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the study of what it means to be an American citizen

Responsibilities of US Citzens

Vote in Election
Obey laws and cooperate with Authorities
Be willing to serve in the court system or in government, if selected

US Census

every 10 years the federal government takes an official count of people in the U.S (last one 2010)


a legal process where foreigners become citizens

Strengths of the Articles of Confederation

states are given most power
first attempt at a government

Weaknesses of the Articles of Confederation

central government is weak and ineffective
no president to administer & enforce legislation
no national court system


a federal system that divides a government's power between the nation government and state government.


wanted a strong national government to keep the country united
feared if the Constitution wasn't passed the 13 states would become countries


feared the constitution would defeat the purpose of the Revolutionary War

Popular Sovereignty

government by consent of the governed
appears in The Preamble


To form a more perfect union
Establish justice
Insure domestic tranquility
Provide for the common defense
Promote the general welfare
Secure the blessings of liberty

Concurrent Powers

Shared power between government and state. ex both can raise taxes and can enforce laws

Delegated Powers

Powers only of the federal government. ex. coining money and foreign trade

Reserved Powers

Powers only of the state government. ex. conduct elections


a false written statement that damages a person's reputation


spoken untruths that are harmful to someone's reputation

due process of law

one of the 5th amendment protections which states that no person can be denied life, liberty of property until the law has been fairly applied to the case

House Representative Requirements

be at least 25 years old
have been a U.S citizen for at least 7 years
be a legal resident of the state he/she represents

Senate Requirements

be at least 30 years old
have been a U.S citizen for 9 years
be a legal resident of the state

President Requirements

be a native born citizen
be at least 35 years old
haven been a U.S citizen for at least 14 years

Speaker of the House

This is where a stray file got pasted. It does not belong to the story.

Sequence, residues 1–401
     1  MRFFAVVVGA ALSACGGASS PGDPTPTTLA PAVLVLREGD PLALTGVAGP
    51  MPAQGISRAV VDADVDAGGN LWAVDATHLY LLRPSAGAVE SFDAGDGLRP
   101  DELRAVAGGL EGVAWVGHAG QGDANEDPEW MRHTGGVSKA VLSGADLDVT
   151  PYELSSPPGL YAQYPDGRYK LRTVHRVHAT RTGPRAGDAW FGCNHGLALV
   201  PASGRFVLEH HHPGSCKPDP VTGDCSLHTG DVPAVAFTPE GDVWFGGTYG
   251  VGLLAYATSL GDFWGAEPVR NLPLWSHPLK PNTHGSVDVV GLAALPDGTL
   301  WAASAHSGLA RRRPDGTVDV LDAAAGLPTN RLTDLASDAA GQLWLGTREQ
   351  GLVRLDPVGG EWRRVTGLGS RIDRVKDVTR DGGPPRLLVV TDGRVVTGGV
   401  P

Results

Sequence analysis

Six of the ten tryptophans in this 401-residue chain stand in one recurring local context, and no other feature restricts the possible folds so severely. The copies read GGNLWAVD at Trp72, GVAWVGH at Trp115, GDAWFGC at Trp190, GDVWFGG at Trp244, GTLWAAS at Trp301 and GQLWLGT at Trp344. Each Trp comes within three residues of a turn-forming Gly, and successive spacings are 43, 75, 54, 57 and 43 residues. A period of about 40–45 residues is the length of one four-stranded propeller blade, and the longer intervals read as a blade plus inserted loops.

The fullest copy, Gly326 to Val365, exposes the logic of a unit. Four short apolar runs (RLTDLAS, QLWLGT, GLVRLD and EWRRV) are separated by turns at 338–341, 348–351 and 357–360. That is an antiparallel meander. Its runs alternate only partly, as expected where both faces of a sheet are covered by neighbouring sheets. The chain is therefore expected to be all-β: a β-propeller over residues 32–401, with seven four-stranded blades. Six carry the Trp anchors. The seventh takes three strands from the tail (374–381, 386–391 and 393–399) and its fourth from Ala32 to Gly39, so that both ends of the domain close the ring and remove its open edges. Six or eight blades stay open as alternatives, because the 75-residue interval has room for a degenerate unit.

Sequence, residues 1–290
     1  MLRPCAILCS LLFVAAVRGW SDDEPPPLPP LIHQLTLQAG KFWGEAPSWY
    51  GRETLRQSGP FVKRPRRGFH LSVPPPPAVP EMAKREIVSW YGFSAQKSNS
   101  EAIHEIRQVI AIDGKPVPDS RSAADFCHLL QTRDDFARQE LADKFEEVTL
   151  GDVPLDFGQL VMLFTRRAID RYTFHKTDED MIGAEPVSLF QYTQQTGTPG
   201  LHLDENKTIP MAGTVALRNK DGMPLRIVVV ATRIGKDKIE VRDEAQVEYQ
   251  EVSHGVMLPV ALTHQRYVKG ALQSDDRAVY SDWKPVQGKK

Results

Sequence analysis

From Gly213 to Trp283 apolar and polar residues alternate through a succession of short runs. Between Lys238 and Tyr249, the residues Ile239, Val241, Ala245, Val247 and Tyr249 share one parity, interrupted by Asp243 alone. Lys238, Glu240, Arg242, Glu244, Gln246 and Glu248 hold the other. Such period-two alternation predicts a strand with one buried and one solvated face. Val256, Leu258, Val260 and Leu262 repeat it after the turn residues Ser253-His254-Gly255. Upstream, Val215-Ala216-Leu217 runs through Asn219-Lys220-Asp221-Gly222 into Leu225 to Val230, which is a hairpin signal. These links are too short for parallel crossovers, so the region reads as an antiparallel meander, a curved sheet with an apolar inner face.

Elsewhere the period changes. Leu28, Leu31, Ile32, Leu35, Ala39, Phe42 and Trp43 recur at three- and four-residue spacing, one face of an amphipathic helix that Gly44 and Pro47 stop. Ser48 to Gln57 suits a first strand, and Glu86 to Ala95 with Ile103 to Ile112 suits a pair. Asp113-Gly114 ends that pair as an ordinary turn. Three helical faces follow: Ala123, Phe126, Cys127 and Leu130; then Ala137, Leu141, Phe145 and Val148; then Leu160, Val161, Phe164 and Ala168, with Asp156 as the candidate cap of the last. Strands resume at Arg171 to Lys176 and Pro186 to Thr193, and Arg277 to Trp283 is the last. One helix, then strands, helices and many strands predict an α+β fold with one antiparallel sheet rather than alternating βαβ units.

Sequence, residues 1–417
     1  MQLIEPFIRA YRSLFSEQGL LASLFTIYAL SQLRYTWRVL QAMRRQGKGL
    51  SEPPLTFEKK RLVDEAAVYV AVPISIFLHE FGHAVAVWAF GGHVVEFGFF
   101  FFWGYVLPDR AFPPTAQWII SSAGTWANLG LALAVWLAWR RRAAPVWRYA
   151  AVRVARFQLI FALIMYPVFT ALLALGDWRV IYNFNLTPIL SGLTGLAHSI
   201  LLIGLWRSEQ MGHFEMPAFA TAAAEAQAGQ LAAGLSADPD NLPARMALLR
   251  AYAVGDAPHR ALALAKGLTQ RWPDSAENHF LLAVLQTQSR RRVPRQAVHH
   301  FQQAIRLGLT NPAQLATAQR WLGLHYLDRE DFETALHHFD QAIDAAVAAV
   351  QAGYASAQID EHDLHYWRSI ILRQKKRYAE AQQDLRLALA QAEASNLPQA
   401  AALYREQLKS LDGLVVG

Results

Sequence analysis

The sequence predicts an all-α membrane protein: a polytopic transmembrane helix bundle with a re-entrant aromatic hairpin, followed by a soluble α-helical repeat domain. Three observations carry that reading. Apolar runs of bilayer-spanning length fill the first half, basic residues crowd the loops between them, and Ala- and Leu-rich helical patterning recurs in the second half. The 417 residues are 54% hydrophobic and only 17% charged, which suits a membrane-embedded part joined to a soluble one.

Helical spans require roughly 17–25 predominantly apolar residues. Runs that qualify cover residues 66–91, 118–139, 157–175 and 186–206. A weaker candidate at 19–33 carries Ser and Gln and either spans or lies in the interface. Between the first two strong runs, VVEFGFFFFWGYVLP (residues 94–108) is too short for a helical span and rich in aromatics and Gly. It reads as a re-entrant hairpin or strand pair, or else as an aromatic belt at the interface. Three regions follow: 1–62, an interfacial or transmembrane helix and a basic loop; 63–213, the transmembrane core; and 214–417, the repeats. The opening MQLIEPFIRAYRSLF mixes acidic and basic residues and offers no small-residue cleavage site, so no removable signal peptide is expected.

John Boehner


A formal charge brought against a government official


a method of delaying action on a bill in the senate by making long speeches

Order of Presidential Succession

Vice President
Speaker of the House
Senate Pro Tempore
Secretary of State
Secretary of the Treasury

Supreme court justices

9 Justices
Appointed by the President
Appointed for life unless impeached

Plessy vs Ferguson

established equal segregation

Judicial Review

The Power of the U.S supreme court to determine if a law/action passed by Congress/President is in accord with the Constitution. If it's unconstitutional, it is challenged and brought to court.

Types of law in the US

Statutory - Laws passed by congress and state
Common - comes from judges' decision, mainly common sense
Administrative - laws by government agencies
Constitutional - laws based on the Constitution

7 Articles of the Constitution

1. Congress has the legislative power
2. How the House of Representatives should work / Their Powers
3. How the Senate should work / Their Powers
4. Time, Place, and manner of holding Elections for Senators and Representatives
5. The powers of each House
6. Privileges of the Senators and Representatives
7. Concerning passing Bills as Law

Bill of Rights (RAPPS)

Freedom of Religion
Freedom of Assembly
Freedom of Press
Freedom of Petition
Freedom of Speech

How are amendments added to the Constitution? How many are there?

Must be approved by 3/4 of the States.
27 Amendments.

Powers of the Legislative Branch

passes laws
can override presidential veto with 2/3 majority
approves federal court judges

Powers of the Executive Branch

can approve or veto laws
carries out the laws
appoints federal court judges

Powers of the Judicial Branch

interprets the meaning of law
can rule whether laws passed by congress or actions by the executive branch are unconstitutional

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